About me

After being diagnosed with a long list of food intolerances seven years ago, I was forced into getting more creative in the kitchen.

For me, the best recipes are those which are easy to prepare and deliver heaps of flavour, perfect for sharing with friends and family without having to single anyone out because of a specialised diet.

My love for cooking and adapting recipes for my own dietary requirements has given me the incentive to share tips with others who also live with restricted diets.

I hope you find a bit of cooking inspiration from my blog. Please feel free to comment and post any questions...

Monday, 30 April 2012

The self-inflicted rabbit diet

It’s a known fact that when you live with intolerances, your body naturally craves those forbidden foods more so than someone who enjoys a diet free from restrictions.

Despite knowing how unpleasant the effects of eating the foods you are intolerant to can be, there are times when only the real thing will do.

As pleasing as it is to see the “free from” sections in supermarkets expanding, the alternatives are several times the price and a lot less appetizing. Most wheat free breads can cost £3 for a small loaf and have all the taste and texture of a crumbly, old cracker. Don’t even attempt to toast this “wannabe” bread, unless you enjoy fishing out disintegrated cardboard from the toaster, whilst performing the tea towel dance beneath the smoke alarm.

It may have been several weeks since the feasts of Easter Sunday, but the pressures of university deadlines and oncoming exams mean that for many students, the temptation of sweet treats and chocolate fixes still hangs in the air.

Not to play the sympathy card, but for a girl who is denied chocolate for medical reasons, Easter can be a very traumatic time of year, and the chocolate alternatives are often more depressing than those for bread.
Picture the decadent Dairy Milk advert of the 90’s – A plush, purple velvet chair, where a woman sits, enraptured by her bar of dairy milk to the point of euphoria.

For the chocolate intolerant, breaking open a bar of this forbidden food is a VERY different experience! One which often ends with a bottle of pepto bismol and the refusal of all visitors. Safe to say, I’ve learnt my lesson, for now at least.

I now enter the month of May full of cold, thanks to the persistent rain storms, and with the intention to treat my body like a temple for the next few weeks…bar alcohol. Celebrations will be needed after the final exam and my bottle of birthday champagne is calling.

After a bit of research into the raw food “rabbit” diet, I have learnt a few things:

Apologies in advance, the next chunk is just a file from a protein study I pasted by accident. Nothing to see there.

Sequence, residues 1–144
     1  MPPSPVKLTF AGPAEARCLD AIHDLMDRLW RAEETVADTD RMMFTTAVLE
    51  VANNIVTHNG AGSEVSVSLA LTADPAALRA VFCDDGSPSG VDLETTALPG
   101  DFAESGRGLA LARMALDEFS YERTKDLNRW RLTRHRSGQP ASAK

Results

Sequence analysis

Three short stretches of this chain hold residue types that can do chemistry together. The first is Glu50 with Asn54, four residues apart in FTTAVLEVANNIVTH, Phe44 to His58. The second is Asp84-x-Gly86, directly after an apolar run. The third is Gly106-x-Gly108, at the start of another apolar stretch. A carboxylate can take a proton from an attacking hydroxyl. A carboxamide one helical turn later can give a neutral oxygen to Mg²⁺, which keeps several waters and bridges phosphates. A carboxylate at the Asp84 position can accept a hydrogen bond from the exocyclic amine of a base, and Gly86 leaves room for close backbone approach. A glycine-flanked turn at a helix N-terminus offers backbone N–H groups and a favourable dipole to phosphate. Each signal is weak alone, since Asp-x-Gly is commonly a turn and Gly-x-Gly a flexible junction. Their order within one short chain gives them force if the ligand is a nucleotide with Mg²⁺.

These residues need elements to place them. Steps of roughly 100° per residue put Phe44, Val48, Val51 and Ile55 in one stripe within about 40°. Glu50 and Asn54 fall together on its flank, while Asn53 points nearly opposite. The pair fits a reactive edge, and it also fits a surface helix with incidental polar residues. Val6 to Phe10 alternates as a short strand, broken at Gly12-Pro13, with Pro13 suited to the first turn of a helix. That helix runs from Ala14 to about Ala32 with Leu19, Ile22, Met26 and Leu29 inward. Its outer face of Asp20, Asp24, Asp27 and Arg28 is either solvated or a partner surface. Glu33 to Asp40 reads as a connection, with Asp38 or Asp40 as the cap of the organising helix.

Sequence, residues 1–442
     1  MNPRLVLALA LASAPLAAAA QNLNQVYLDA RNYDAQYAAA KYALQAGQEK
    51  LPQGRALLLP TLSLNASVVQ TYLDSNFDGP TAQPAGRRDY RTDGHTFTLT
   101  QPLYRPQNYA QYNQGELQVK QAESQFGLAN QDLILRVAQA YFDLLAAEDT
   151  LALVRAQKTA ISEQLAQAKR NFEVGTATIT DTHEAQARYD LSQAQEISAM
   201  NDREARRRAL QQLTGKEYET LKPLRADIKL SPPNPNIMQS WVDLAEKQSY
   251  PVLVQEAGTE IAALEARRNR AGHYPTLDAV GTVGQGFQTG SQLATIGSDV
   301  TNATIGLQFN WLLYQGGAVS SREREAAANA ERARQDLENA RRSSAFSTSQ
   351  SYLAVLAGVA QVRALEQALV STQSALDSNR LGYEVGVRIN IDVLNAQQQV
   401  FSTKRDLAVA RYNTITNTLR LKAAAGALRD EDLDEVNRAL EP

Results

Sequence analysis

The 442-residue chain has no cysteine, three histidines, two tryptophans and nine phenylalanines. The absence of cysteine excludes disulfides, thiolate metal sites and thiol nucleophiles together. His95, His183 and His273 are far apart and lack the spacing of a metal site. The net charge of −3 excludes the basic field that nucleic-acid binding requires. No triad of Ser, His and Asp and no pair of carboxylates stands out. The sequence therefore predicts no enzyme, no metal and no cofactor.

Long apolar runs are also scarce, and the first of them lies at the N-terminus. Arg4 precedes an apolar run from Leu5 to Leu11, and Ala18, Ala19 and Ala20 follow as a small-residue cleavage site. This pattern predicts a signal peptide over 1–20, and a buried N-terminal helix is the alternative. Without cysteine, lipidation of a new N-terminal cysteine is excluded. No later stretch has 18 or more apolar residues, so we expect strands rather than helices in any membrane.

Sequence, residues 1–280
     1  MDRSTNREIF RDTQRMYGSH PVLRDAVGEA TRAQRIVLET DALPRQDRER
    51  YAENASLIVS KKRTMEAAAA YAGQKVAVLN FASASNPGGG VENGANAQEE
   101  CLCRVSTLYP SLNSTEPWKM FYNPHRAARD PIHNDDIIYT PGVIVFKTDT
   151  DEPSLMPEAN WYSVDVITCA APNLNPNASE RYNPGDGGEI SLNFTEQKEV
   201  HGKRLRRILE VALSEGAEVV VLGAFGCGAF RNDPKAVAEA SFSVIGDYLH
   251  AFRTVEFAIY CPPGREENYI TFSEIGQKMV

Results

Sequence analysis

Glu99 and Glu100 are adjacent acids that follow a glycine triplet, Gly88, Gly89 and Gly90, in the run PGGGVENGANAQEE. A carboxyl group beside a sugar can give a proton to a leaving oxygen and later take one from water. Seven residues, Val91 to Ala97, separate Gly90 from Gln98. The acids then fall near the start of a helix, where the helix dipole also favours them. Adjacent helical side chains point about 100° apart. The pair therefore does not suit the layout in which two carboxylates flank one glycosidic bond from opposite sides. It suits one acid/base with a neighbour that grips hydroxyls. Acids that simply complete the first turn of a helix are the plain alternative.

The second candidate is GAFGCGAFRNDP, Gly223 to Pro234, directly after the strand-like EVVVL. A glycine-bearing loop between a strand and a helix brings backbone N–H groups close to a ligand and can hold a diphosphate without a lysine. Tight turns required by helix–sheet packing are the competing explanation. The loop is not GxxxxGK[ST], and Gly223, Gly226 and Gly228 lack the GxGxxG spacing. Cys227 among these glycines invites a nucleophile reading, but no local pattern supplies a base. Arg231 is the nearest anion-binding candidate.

1.      Anyone following this diet full time must be very skinny, squeaky clean on the inside and most likely, the proud owners of some of the biggest compost heaps in Britain.

2.      I may be turning into an eco-warrior, as I will be adding a food dehydrator and a younger, single version of Hugh Fearnley-Whittingstall to my Christmas wish list.

3.      Celeriac is an incredibly ugly, yet versatile and tasty vegetable. Take pity on them and make a salad.

It could be the overload of flu medicine, but I have made it my mission to work through my new raw food recipe book. So far, my favourite recipe, which I could and have eaten two large bowls of a day, is ‘Asian Coleslaw’. My mum used to joke that I have the same diet as the guinea pig; I wish I could deny this.

But honestly, if like me, you are regretting having over indulged at Easter or just in general would like to give your body a bit of a detox, the raw food diet is worth looking in to.

The Asian coleslaw is a great salad accompaniment for Thai style dishes, smoked fish and goes really well with my recent make shift sushi. The ginger and garlic are brilliant for settling stomachs and the tangy mixture of flavours make white cabbage a lot more appealing than you’d think.

Asian Coleslaw
Thinly slice or grate 1 small white cabbage, 4 medium carrots and a bunch of fresh, spring onions. Toss all the vegetable together in a large bowl.

To make the salad dressing, whisk together: 2 tbsp soy sauce, 1 tbsp clear honey, 1 finely chopped garlic clove, 1tbsp finely chopped ginger, 2tbsp white wine vinegar or rice vinegar, 2tbsp sesame oil and 2tbsp olive oil.

Pour over the vegetables and mix well, before leaving to marinade in the fridge for twenty minutes, before serving with a squeeze of lemon juice and some chopped coriander.

I find that it’s so much easier and more affordable to buy jars of readily, fine chopped ginger and garlic, as these last for weeks and you don’t have the smell of garlic lingering for days afterwards.

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